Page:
Job creation is unlikely to be stellar in 2015. Growth in fixed capital formation, particularly by the private sector, is improving modestly.
At least where wage negotiations are concerned, some are going smoothly. Gold Fields has reached a three-year agreement with the National Union of Mineworkers (NUM) and United Association of SA at its mechanised South Deep mine, which employs 3 500 people.
The deal would give the lowest earners increases of 21,46%, 14,76% and 12,97% over three years, taking the basic cash wage to R9 000 a month, says the NUM. But this is only a fraction of the gold sector. More talks at other mines are set to happen. SA already knows the kind of detrimental effect a strike, especially a prolonged one, has on economic growth from the five-month strike at platinum mines in 2014.
Avoiding a strike, whether short or protracted, in the public service would go a long way towards helping SA achieve that 2% economic growth forecast.
Hopes for an export-led economic recovery will be supported by the improvement in the economic growth of the US and Europe, but dimmed by a slowdown in China’s economic growth. A large share of mineral exports is destined for China and growth in exports will falter if China demands less than normal. The fact that China is shifting from investment-led to demand-led economic growth also bodes ill for SA as this country does not export manufactured products to China.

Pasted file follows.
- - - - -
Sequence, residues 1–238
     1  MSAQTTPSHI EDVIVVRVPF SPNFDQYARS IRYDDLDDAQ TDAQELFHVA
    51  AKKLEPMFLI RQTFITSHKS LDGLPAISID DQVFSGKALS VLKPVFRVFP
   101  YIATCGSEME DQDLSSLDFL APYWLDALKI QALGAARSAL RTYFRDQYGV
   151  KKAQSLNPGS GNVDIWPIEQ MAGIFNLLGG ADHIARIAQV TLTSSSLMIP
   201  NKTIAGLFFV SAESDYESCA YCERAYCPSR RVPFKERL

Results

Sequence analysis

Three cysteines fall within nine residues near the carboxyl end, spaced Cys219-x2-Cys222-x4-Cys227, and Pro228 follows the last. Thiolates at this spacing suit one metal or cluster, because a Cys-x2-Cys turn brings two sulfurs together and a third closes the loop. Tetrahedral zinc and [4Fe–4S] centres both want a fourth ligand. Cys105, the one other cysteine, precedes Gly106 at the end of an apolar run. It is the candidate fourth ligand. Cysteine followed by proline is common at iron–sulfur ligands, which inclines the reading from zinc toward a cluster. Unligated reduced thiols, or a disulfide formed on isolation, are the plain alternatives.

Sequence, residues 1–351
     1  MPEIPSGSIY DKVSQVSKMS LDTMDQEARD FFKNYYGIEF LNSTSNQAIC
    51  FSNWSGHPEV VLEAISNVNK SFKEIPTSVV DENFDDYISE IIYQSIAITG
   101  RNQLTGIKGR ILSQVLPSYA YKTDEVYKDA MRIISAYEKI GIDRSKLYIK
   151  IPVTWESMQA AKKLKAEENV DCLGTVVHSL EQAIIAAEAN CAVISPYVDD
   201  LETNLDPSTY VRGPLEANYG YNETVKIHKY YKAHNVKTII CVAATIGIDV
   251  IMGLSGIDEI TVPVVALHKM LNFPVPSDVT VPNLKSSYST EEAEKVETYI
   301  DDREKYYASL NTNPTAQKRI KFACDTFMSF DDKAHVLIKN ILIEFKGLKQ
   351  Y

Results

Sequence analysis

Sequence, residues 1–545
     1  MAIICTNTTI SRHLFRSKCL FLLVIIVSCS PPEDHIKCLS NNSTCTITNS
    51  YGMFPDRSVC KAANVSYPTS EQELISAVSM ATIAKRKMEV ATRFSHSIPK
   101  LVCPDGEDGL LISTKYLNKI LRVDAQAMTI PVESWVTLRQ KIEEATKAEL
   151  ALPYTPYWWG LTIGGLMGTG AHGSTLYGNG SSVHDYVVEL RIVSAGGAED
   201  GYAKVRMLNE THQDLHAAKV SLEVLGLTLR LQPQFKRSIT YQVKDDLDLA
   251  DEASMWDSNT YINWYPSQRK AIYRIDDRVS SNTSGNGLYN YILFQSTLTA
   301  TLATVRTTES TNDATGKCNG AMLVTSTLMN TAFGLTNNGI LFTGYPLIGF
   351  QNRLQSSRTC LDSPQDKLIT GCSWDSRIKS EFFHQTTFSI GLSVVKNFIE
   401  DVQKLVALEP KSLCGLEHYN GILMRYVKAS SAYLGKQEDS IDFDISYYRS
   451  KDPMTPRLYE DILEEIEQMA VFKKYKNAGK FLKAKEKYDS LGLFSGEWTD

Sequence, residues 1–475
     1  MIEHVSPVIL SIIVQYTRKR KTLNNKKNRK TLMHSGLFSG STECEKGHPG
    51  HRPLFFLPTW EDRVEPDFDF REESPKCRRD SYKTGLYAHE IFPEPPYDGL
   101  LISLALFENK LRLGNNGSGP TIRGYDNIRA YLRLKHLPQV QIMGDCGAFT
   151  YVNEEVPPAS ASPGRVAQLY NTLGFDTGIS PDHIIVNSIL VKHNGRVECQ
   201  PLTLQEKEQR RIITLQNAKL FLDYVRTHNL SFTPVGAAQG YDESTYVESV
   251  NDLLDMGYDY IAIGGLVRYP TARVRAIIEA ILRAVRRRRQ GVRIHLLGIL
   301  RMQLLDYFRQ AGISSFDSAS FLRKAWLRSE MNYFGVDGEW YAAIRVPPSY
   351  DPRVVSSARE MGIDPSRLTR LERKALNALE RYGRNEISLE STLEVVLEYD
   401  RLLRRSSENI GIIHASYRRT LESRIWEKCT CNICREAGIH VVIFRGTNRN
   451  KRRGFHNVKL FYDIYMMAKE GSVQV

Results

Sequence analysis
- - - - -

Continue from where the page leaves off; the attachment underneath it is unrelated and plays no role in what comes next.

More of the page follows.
This is the opportune time for SA to increase trade with other African countries where economic growth is booming and demand is rising.
Local manufacturers have noted, however, that a factor such as lack of infrastructure is among the main challenges they experience in establishing their businesses outside SA’s borders.
It can only be hoped that the establishment of the Brazil, Russia, India, China, and SA (Brics) development bank will move soon to finance African infrastructure projects, particularly those relating to road, rail and electricity.
The South African government will also continue to spend billions of rand on infrastructure development, despite its intention to curb large budget deficits.
Spending on infrastructure helps support economic growth while creating jobs for people.
Authorities in SA want to place more attention on growth that is driven by investments rather than consumption.
The only thing needed is more participation from the private sector, which has often identified a plethora of legislation and red tape that can get in the way of investing.
The economic growth of 4,1% in the fourth quarter of 2014 is unlikely to be repeated, as incoming economic indicators suggest